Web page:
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A combination of two experimental drugs appears to slow the decline of patients with ALS, or Lou Gehrig's disease. NPR's Jon Hamilton reports this is just the latest sign that researchers are closing in on better treatments for the fatal illness.
JON HAMILTON, BYLINE: Patients with ALS lose the ability to control their muscles over several years, and no treatment has been able to stop this process. But Dr. Sabrina Paganoni of Massachusetts General Hospital says that after decades of frustration, scientists are making good progress.
SABRINA PAGANONI: I'm convinced that we are at the beginning of a new era in ALS treatment discovery.
HAMILTON: Paganoni led a study of 137 people with a fast-progressing form of the disease. Some took daily doses of an experimental drug combination known as AMX0035. Paganoni says it helps protect nerve cells from two types of damage that are hallmarks of ALS.
PAGANONI: Patients who were treated with AMX0035 retain physical function longer than those who receive placebo. And this is very hopeful for people with ALS, especially because we were able to see a treatment effect in a relatively short period of time.
HAMILTON: After six months, patients who got the drug scored several points higher on a standard measure of disability. Paganoni says the difference was modest, but meaningful to patients.
PAGANONI: They want to be able to continue to use their hands so that they can cut their own food and type emails, or they want to be able to continue to walk and to climb stairs. And this is exactly what we measured in the trial.
HAMILTON: Many of the patients who got AMX0035 were already on two other drugs for ALS that have become the standard treatment. Paganoni says it appears that the new and old drugs all work in different ways to slow down the disease.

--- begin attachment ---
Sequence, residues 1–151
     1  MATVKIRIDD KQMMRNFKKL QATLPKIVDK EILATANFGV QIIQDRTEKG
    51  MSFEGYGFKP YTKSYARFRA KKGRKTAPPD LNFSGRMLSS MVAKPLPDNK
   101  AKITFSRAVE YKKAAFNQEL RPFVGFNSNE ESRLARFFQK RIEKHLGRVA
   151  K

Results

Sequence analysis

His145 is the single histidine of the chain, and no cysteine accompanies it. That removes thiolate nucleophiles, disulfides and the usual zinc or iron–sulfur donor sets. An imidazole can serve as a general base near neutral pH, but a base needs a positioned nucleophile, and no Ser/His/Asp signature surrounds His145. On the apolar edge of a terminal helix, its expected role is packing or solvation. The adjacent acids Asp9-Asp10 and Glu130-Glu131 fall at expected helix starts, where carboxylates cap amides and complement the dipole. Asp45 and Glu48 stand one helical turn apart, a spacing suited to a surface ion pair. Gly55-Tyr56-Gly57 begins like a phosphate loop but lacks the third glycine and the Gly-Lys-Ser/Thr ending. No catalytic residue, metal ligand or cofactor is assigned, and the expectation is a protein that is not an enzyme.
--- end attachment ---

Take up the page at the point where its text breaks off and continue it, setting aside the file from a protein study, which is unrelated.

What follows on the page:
PAGANONI: So we think ultimately we will need a combination of treatments to effectively fight ALS.
HAMILTON: It's not clear yet whether AMX0035 extends life or maintains muscle strength. And ordinarily, at least one larger study would be required before the Food and Drug Administration considered approving the drug. But Neil Thakur of the ALS Association says that group and the advocacy organization I AM ALS are petitioning the FDA to make an exception.
NEIL THAKUR: In ALS, a trial like this would probably take about three years. And so the question for the whole community is, what do we gain for that three-year study?
HAMILTON: The ALS Association helped fund the research on AMX0035 and has a limited financial stake in its success. Thakur says the group's main concern, though, is patients who won't live long enough to wait for another study.
THAKUR: And so that's why we're thinking the best thing to do for the community is to make this drug available sooner and let everyone have it as a treatment option as soon as possible.
HAMILTON: AMX0035 has taken a highly unusual path toward approval. It was developed by Amylyx, a tiny company founded by a couple of college students. Josh Cohen and Justin Klee are still in their 20s, and Cohen says they were in their office very late one night when they learned the study results.
JOSH COHEN: When the statisticians called, you could hear their whole firm cheering in the background. And so we knew before they said, you know, the numbers that, you know, something good had happened.
HAMILTON: But Klee says their elation was mixed with a sense of responsibility.
JUSTIN KLEE: While these results are great, it's not a cure. And so we and others in the whole community - we need to keep pushing forward until we get cures.
HAMILTON: That's beginning to look more likely, says Kuldip Dave, the ALS Association's vice president of research.
KULDIP DAVE: What makes this time so exciting is there are over 50 different clinical trials that are enrolling and recruiting ALS patients right now. They're all going after different targets.
HAMILTON: The new study appears in The New England Journal of Medicine.
Jon Hamilton, NPR News.
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